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media are plural Posts

Most of this stuff is from the early days, although the Mimikyu toy on the left is only a couple of years old, and the small Mew and Mewtwo figure is from a trading card set celebrating Pokémon's 20th anniversary.

Pokémon history: Being a kid during the craze

Good lord, Pokémon is turning 25 this Saturday. North American fans may feel like that sounds wrong, but that date corresponds with the Japanese release…

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This man tried in vain to shield himself from that which has made him become the Joker. Or so I imagine. The original image, which I cropped, is by Mehrshad Rezaei from Pixabay.

It’s 2021. Why are people threatening to become the Joker?

The Joker is a destructive, attention-seeking, self-obsessed edgelord like the ones that have made using certain parts the internet an absolute hell. He’s bad for…

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I've always wanted to create bizarre stock photos for this site, and now I've finally done it. Note the games I discuss are not pictured as I own both digitally. Oh well.

That video game you want has a best-before date

I’m terrible at playing video games in a timely fashion. Most of the games I play are a couple years old, and I usually choose them because they happened to be on sale. Saving money is the main benefit of this strategy, but it’s not without its downsides. The main one is that art can come with a best-before date, and often games don’t go on sale until they’ve reached that point.

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Graphic design is my passion. Let me know in the comments the art you would have used for this story.

Review scores suck and we need to abandon them

Reviews are everywhere. They provide entertainment, spark debate, and help consumers make informed purchases. I don’t think I’ve ever bought a video game without reading or watching some reviews first. Hell, before I buy anything, I like to see what people are saying about it. Based on the number of YouTubers, bloggers, and magazines that have built their brands mainly around reviews of various stuff, I imagine I’m not alone. I expect I am alone, however, when it comes to my feelings about review scores.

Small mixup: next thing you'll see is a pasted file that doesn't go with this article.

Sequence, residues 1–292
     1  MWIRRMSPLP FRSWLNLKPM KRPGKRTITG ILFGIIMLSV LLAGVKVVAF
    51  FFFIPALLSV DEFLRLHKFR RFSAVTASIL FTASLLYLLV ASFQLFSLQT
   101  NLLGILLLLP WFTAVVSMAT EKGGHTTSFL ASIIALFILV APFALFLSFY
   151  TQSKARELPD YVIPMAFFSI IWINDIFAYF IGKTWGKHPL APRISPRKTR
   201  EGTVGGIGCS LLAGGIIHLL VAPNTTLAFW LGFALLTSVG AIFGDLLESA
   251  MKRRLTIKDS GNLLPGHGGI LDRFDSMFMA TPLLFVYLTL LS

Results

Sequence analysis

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One of the differences between blogs and radio is that old radios are cool collectors items, while old blogs usually represent a medium in its awkward teenage phase. Image by Igor Ovsyannykov from Pixabay.

Lessons in the differences between blogs and radio

I’ve been back at this blogging thing for a few months now and I’m enjoying it a lot more than I did the first time around. The issue back in 2016-17 was that I was used to Media Are Plural existing as a community radio show. It was a challenge to come up with content ideas for a completely different medium, and I mostly just wished Toronto had an institution like Trent Radio where I could keep doing what, at the time, I did best: make weird radio content. It turns out there are many differences between blogs and radio. Who knew?